THE PERFECT RECIPE FOR STUDENT SUCCESS
As he stood in front of his ninth-grade World History class, ready to begin the day’s discussion on Mayan culture, teacher Roberto Fierro ’04 could feel his anger building. An important exam was right around the corner, and one of his students, Betty, had fallen asleep. Again.
Sure, studying the rise and fall of early civilizations might not be the most riveting topic for the 14- to 15-year-old set, but there were important lessons to be learned from the past, and Betty’s poor academic performance coupled with her penchant for in-class catnaps had become more than just a nuisance.
Frustrated and confused, Fierro decided to broach the subject with his wife and fellow teacher, Natalie, and her assessment was startlingly simple. “She seemed convinced that Betty either wasn’t eating right, or eating at all,” he recalls. “It’s tough to stay focused on an empty stomach, or if your diet isn’t the best. In her case, both were correct.”
Spurred on by their struggles with Betty and students like her, Roberto and Natalie formed the Institute of Student Health (ISH) in December 2011. The plan was simple: Create an organization that provides Generation Y and their families with the education and resources to eat and live healthy. In order to execute that plan, the couple developed an innovative three-pronged approach based on food cultivation, cooking and fitness that Fierro believes is the perfect recipe for student success.
“In a nutshell, the ISH provides students with a better understanding of how food and health directly impact their lives,” says Fierro, who graduated from USD with a degree in international relations, and currently works with the Washington, D.C.-based government relations and advocacy firm, D&P Creative Strategies. “It’s easy to go into your local store and grab food that’s ready-made, just like it’s easy to sit on the couch and watch TV rather than exercise. Easy isn’t always right, though.”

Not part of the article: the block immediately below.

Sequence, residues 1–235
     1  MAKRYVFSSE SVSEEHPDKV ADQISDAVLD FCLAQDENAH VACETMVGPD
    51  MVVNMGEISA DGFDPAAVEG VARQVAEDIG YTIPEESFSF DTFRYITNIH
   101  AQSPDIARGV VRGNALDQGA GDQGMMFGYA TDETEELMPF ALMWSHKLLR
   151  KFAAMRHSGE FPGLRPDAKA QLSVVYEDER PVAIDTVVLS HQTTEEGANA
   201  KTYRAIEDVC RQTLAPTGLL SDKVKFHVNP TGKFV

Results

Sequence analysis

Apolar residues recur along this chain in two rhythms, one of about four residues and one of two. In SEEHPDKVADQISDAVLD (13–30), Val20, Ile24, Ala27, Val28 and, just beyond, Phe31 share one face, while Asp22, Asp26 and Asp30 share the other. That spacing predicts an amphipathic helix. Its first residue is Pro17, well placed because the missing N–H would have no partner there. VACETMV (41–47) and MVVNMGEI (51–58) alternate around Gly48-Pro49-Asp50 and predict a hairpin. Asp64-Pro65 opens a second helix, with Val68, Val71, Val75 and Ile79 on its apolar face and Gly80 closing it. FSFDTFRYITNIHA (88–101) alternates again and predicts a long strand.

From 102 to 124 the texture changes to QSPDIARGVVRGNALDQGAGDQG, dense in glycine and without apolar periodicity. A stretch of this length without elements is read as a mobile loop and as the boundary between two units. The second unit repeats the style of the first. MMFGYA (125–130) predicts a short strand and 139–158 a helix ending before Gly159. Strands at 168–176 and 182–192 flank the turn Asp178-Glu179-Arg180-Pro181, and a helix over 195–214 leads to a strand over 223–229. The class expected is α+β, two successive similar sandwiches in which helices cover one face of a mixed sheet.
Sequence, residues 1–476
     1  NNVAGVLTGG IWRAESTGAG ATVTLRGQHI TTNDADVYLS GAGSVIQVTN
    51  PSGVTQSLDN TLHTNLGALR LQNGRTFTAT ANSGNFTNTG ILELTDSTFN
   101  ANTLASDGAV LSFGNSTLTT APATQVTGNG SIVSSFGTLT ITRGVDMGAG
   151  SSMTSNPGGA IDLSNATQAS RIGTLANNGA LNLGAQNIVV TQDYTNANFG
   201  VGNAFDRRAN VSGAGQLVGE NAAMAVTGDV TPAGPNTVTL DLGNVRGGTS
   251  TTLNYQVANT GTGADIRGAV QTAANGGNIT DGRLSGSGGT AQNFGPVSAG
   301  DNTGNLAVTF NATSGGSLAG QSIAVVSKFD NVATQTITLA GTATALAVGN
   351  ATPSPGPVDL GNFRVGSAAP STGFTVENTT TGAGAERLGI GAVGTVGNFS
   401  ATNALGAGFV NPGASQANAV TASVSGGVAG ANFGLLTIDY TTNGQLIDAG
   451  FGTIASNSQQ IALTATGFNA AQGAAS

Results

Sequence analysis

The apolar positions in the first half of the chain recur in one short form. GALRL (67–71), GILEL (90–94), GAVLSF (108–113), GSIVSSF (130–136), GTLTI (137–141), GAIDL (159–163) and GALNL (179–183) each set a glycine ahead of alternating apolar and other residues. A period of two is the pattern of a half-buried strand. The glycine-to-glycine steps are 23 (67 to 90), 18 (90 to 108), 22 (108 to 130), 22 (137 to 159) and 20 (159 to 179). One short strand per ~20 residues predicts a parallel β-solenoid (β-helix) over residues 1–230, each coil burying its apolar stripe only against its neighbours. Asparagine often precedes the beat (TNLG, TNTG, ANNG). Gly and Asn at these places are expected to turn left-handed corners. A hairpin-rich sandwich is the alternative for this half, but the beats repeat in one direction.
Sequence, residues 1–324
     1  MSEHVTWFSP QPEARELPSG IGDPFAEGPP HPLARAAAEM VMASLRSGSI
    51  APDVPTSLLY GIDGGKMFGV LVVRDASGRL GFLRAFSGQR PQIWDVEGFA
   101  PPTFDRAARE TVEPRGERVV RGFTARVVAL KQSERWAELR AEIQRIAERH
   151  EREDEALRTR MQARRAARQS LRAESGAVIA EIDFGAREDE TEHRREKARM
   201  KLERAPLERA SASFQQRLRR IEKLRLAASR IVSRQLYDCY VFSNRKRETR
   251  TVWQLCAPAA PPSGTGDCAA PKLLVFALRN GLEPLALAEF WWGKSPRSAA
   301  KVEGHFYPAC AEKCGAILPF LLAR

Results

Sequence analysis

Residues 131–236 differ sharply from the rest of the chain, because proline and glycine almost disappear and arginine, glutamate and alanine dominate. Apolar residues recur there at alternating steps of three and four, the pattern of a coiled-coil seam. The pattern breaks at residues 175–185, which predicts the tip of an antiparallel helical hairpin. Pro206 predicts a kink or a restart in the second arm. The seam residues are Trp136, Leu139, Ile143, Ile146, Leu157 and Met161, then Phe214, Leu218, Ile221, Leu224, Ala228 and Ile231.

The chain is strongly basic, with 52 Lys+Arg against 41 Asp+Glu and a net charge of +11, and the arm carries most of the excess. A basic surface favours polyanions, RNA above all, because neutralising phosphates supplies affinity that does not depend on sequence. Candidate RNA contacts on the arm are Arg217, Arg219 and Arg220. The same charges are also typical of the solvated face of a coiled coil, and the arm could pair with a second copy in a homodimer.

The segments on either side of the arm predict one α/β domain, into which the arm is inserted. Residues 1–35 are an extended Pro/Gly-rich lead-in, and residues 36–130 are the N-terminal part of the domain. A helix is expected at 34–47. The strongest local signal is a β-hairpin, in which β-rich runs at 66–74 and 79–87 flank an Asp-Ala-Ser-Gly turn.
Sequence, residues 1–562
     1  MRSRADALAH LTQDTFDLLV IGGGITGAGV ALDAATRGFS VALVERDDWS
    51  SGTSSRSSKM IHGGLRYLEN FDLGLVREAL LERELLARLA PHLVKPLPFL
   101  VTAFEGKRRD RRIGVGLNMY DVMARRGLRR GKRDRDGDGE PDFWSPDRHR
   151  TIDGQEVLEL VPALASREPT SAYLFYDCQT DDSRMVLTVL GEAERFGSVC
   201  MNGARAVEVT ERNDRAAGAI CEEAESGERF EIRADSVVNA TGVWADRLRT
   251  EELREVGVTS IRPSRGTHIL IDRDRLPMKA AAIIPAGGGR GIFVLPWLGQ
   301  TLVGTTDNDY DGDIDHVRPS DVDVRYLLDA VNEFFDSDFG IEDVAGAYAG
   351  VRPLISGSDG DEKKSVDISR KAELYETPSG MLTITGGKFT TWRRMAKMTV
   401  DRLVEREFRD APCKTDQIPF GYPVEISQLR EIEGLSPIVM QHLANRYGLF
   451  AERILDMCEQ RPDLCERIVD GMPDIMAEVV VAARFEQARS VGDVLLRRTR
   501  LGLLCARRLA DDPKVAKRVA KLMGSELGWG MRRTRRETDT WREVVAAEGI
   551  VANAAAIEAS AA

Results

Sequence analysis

Ever since his childhood days collecting homegrown herbs and vegetables from his grandmother’s garden in Tijuana, Mexico, Fierro has appreciated the value of a good old-fashioned home-cooked meal, and not just because of the taste. “Maybe it was subconscious, but I learned from a young age the connection of food to culture and community,” he says. “Time spent cooking and preparing food was also time spent connecting with my family. I think we’ve moved away from that these days, and there’s real value in that type of experience.”
Whether it’s growing vegetables in a small plot outside a middle-school classroom, promoting their mouth-watering ‘Meatless Mondays’ recipes via the ISH website, or teaching a class that perfectly melds the somewhat incongruous combination of healthy cooking and ballroom dancing, Fierro and the ISH team are constantly looking for ways to promote a healthy lifestyle. For their efforts, the Washington, D.C., Mayor’s Office on Latino Affairs awarded them a $20,000 grant to help promote health and wellness practices with and for the city-based Latino community.
“We’re really excited about the opportunity to expand our research and help people live healthier lives,” Fierro says. “That’s why we’re here.” — Mike Sauer
For more information on the Institute of Student Health, please go to www.theish.org.
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